I write a lot about wealth. Over the years, I have acquired a deeper understanding of the topic and the implications it has not only for Latinos but for the country overall. I have come to believe that the ethnic wealth gap is the single biggest threat to American prosperity. I don’t think that is an overstatement. The wealth gap and its causes are no secret. It is widely understood that redlining, income inequality, limited educational opportunities, and segregation have caused generational disparities in the distribution of wealth in this country for centuries. For obvious reasons we need to ensure that we rid the nation of discrimination at every level; closing the wealth gap is not only the fair thing to do, but because of demographics, I believe it is a requirement if the United States is going to maintain its leadership in the global economy.
Let me explain. Economic growth is a factor of labor force growth and productivity. The more people we have in our workforce producing and buying things, the larger our economy gets. Over the next two decades and beyond, the overwhelming majority of new entrants in our workforce will be Latinos and other people of color. Latinos are the youngest demographic in the country, almost 15 years younger than the Anglo population on average. They will be the ones buying homes, cars, and just about everything else. The more income and wealth they have, the more they will spend in our economy. It’s pretty simple.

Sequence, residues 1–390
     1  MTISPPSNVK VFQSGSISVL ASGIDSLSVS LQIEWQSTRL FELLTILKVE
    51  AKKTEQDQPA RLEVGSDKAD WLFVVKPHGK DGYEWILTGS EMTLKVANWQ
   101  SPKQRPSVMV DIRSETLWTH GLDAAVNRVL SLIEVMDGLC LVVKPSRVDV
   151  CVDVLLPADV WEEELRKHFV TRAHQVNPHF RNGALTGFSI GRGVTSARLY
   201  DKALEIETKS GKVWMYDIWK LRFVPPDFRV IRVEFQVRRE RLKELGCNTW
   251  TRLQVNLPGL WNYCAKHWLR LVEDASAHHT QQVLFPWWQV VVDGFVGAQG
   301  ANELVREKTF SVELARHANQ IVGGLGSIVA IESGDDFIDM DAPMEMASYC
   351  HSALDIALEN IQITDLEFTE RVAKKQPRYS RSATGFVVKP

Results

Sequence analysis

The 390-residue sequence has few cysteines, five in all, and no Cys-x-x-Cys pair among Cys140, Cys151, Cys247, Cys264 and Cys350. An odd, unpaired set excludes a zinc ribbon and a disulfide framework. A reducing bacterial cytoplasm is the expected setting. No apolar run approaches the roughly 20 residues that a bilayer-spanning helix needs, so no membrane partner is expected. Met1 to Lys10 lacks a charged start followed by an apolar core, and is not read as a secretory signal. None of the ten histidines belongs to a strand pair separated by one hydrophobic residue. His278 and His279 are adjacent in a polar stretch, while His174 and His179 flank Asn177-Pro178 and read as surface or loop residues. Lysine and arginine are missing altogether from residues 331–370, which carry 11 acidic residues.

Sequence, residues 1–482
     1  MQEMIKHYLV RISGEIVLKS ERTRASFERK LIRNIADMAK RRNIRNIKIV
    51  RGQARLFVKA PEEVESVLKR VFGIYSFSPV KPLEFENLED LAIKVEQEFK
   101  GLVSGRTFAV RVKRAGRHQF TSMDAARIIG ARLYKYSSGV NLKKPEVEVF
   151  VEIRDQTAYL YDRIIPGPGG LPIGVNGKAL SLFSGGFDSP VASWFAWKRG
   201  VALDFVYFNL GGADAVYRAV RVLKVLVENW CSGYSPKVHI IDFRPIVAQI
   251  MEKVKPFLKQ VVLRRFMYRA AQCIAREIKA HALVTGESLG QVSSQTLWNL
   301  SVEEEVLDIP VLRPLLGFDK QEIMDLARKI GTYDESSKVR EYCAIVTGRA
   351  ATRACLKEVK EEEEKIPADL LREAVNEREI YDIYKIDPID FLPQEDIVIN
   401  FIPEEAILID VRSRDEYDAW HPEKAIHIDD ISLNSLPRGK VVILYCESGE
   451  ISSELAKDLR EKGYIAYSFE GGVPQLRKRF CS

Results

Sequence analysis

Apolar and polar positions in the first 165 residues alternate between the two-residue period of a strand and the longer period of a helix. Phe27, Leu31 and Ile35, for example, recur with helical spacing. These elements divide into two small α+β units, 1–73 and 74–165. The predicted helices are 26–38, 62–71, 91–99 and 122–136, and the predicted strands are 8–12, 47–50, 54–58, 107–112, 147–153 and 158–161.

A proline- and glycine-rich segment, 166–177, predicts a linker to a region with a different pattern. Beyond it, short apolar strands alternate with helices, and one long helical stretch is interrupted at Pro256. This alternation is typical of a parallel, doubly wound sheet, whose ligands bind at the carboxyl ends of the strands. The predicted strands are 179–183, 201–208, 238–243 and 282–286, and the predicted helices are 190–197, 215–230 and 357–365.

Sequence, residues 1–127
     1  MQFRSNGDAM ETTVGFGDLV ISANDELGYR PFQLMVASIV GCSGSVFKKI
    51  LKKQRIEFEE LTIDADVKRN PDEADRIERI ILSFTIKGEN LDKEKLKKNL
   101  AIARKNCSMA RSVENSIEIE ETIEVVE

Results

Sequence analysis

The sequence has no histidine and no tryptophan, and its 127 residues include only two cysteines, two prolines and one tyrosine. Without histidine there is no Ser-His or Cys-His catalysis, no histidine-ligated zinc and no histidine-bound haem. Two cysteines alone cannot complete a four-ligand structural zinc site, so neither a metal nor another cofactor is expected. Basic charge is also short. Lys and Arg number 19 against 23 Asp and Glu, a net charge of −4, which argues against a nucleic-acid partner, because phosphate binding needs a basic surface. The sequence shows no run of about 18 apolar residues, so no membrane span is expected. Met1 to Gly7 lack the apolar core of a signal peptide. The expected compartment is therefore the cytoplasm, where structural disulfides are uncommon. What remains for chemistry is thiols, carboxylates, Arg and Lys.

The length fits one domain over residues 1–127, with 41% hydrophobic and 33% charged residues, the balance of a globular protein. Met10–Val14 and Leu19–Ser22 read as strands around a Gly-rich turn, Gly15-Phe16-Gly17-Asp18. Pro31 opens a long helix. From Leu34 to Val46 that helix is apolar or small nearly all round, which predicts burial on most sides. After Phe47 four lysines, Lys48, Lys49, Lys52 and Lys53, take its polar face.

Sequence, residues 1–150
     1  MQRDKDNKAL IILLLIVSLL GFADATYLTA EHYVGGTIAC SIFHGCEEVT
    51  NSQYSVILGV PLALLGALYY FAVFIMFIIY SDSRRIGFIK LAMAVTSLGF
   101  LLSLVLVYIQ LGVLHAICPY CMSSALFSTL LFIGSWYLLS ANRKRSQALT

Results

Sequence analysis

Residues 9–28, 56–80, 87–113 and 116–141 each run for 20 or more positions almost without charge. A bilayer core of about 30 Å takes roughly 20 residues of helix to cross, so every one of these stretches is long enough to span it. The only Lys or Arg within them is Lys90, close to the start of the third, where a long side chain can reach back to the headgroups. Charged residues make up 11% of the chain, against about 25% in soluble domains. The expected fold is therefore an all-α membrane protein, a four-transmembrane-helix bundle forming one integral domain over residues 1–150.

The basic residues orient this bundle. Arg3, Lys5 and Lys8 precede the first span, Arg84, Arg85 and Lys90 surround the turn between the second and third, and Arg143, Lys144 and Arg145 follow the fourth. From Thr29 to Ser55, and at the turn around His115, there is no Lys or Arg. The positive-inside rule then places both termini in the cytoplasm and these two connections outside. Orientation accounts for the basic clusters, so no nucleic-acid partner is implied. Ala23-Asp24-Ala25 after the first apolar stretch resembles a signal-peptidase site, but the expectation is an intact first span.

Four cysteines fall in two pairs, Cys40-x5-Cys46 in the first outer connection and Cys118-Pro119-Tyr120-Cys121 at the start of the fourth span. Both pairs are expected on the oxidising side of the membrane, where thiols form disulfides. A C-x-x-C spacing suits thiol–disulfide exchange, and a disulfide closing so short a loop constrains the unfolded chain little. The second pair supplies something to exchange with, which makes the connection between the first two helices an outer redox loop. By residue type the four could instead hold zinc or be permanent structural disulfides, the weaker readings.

Exactly how we close the ethnic wealth gap is less clear. Education, healthcare, homeownership, and improving diversity in America’s largest corporations are critical components, but I believe the biggest opportunities are tied to business ownership and entrepreneurship. Entrepreneurship is THE foundation of capitalism and the most efficient wealth builder in our system – especially for Latinos. It shouldn’t be a surprise to anyone that Latino-led companies employ more Latinos in key roles. What’s more, the more successful those companies are, the more wealth they create for their employees and investors. While Latinos have not historically been major investors in start-ups, that is starting to change. What is not widely understood, is when Latino-led companies reach scale, they sometimes disrupt major corporations, who respond by investing more capital in Latino markets themselves. I wrote about this a few weeks ago in a blog about Latino representation in the entertainment industry. I said in that blog that I thought Tyler Perry and Oprah Winfrey did more to promote Black Americans in the entertainment industry than 50 years of advocacy because they proved that there was money to be made by investing in media products that included and appealed to Black consumers. This could be applied to several industries. I’ve written about how companies like New American Funding, a privately held mortgage company with Latino ownership, go from a niche player to a major force in the industry. By focusing on Hispanic homebuyers, they took market share from some of the larger and more established companies, forcing those companies to follow suit or continue to lose share.
Facts and data are critical, and advocacy is important, but in a country that was founded on free-market principles, nothing is more effective than literally showing people where the money is. In 2022, I will be laser-focused on finding the best ways to catalyze Latino-led businesses and start-ups. When we succeed, the country will be better for it.